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Punctuation & Quotation


Punctuation & Quotation

Presentation by

Sude, GΓΌlsΓΌm, Leonie and Sevval


Table of contents

When to use:

6. an apostrophe ( ' )

1. a full stop ( . )

7. quotation marks ( β€œ " )or( β€˜ ' )

2. a question mark ( ? )

11. Exercise

3. an exclamation mark ( ! )

10. Sources

4. a colon ( : )

5. a semicolon ( ; )

8. a hyphen ( - )

9. Dashes

When to use a full stop ( . )

+ info

Full Stop

- to mark the end of the sentence

πŸ ’ Lets have some lunch.

- to mark the end of a sentence fragment

πŸ ’ Do yo like this sort of music? -Not really.

- in initials for people's names

πŸ ’ J. K. Rowling

+ info

WHen to use a question mark (?)

Question Mark

- It's used for sentences that are questions

- Often (not always) beginns with wh-words

who, what, when, where, why

Example: When will we be arriving?


+ info

Exclamation Mark

- at the end of exclamatory sentences

β†’Careful! That spider is poisonous.

- it loses its effect if it's overused

- don't use it in formal writings

instead of: "Make sure you're careful with the spider!"

try: "It's crucial to be careful with the spider."

+ info



- in front of a list

β†’I used three colors: green, blue and pink.

- in front of an explanation or a reason

β†’We decided against using three colors: one color would be enough.

- after introductory headings

β†’Color: blue

- in formal writings: between two main clauses that are connected

β†’Be patient: the next book has not yet been published

- to introduce direkt speech

β†’She said: "You owe me a new book."

- in front of the second part of a book title

β†’Farming and wildlife: a study

+ info

When to use a semicolon (;)


- to mark a break between the balance of two main clauses


The engine roared into life. The propellers began to turn. The plane taxied down the runway ready for


The engine roared into life; the propellers began to turn; the plane taxied down the runway ready for

+ info

When to use an apostrophe (')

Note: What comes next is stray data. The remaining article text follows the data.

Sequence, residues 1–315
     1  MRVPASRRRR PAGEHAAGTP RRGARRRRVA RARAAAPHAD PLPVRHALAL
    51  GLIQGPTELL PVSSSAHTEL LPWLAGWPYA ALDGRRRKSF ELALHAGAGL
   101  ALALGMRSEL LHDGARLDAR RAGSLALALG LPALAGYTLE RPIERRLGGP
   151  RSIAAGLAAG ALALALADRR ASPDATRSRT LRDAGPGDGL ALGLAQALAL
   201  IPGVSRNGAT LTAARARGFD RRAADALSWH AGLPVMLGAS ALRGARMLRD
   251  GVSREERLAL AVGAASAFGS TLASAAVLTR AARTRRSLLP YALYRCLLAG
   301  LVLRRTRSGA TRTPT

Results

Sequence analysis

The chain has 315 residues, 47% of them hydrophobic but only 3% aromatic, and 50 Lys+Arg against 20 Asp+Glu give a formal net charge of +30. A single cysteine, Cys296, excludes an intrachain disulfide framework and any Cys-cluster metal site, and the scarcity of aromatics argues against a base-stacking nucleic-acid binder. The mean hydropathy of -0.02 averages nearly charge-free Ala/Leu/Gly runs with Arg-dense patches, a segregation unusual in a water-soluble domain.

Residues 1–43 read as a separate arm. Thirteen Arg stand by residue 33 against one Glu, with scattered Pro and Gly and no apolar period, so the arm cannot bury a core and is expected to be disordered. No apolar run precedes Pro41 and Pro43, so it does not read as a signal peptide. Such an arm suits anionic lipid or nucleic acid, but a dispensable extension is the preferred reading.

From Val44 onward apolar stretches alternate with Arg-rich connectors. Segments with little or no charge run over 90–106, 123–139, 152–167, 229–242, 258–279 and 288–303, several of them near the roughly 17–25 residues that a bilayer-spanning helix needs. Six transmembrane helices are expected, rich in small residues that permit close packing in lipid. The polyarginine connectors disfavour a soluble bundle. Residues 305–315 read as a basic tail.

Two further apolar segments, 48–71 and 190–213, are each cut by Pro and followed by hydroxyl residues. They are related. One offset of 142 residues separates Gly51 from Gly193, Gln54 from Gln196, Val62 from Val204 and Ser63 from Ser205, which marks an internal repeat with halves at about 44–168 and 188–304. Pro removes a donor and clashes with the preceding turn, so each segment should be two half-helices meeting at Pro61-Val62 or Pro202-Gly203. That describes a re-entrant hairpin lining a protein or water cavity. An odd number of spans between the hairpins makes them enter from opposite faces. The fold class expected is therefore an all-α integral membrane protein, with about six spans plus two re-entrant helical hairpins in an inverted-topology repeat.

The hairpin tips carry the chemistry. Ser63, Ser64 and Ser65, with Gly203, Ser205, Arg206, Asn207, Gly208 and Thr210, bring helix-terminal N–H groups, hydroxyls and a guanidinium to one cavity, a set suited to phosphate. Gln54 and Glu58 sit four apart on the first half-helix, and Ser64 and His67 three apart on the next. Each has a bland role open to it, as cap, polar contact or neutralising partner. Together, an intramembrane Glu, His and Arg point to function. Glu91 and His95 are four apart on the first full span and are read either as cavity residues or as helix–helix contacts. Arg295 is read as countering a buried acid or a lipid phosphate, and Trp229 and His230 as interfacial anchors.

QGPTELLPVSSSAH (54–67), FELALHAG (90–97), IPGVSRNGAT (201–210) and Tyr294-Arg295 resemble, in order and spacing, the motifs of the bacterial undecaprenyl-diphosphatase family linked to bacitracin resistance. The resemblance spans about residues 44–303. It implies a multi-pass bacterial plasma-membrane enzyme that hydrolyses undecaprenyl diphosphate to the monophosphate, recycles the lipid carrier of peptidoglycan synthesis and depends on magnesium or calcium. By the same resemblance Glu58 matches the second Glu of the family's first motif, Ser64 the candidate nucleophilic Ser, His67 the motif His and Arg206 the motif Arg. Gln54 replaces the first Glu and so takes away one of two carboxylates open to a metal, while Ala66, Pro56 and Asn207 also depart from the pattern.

- β€˜s is added at the end of names and singular words

β†’ the planet’s atmosphere

- is added to plural words ending in -s

β†’ Your grandparents are your parentsβ€˜ parents.

- When the possessor is an inanimate object, the apostrophe is not used and the word order changes

β†’ the front of the house (not the house's front)

- to test wether an apostrophe is in the right place, think about who the owner is

πŸ ’ the boy's books [= the books belong to the boy]

πŸ ’ the boys' books [= the book belong to the boys]

- in front of a year or decade

β†’ he worked as a schoolteacher during the '60s and early '40s

- In contracted forms

Example: They've πŸ ’ have

You're πŸ ’ are

He's/she's/it's πŸ ’ has/is

He'd πŸ ’ had/would

We aren't πŸ ’ are not

Important information:

An apostrophe is not used to form:

β†’ possessive pronouns such as its, yours or theirs

β†’ the plurals of words like potatoes or tomatoes

+ info

When to use Quaotation marks (" ")or(' ')


Double quotation marks None Single quotation marks

(" ") (β€˜ β€˜)
Direct speech Indirect speech are sometimes used to

draw attention to a word

The word 'book' can be

used as a noun or a verb

Direct speech Indirect speech

Repeating what someone said, Repeating what someone said,

putting the phrase between without speech marks and

speach marks without necessarily using

exactly the same words:

Paul said, "I have a new car." He said he had a new car.

+ info

WHen to use

a hyphen (-)


- connecting words with the hyphen means that the words form a unit of meaning

- you use it when both words are functioning together as an adjective before the noun

This rock hard cake is absolutely impossible to eat.

This rock-hard cake is absolutely impossible to eat.

It’s impossible to eat this cake because it is rock hard.

- combining a noun/adjective with present participle as a unit of meaning to describe a noun

πŸ ’ There are some beautiful-looking flowers in the garden.

- BUT if the noun comes before the adjective, the hyphen is not used

- use it between numbers twenty-one and ninety-nine when they're spelled out

- when a number is in the first part of a compound adjective

πŸ ’ the 10- minute speech

- with prefixes such as Ex-, Self- and All-

πŸ ’ ex-wife / self-confident / all-rounder

- after compound adjectives with high and low

-> high-impact / low-level

+ info

when to use a dash (β€”)or(–)


Em Dashes

- can replace parentheses at the end of a sentence

- when you want to generate strong emotions in your writing

β†’ The white sand, the warm water, the sparkling sun⁠—this is what brought them to Hawaii.

En Dashes

- indicate periods or ranges of numbers

- it replaces 'to' or 'through'

β†’ The teacher assigned pages 12–16 for reading at home.

- connect terms that are already hyphenated or by using two-word phrases

πŸ ’ The pro-choice–pro-life argument is always a heated one



+ info


You have 10 minutes to do the tasks

If you need help raise your arm and we will help you :)

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Thanks for your attention!

Sude, GΓΌlsΓΌm, Leonie and Sevval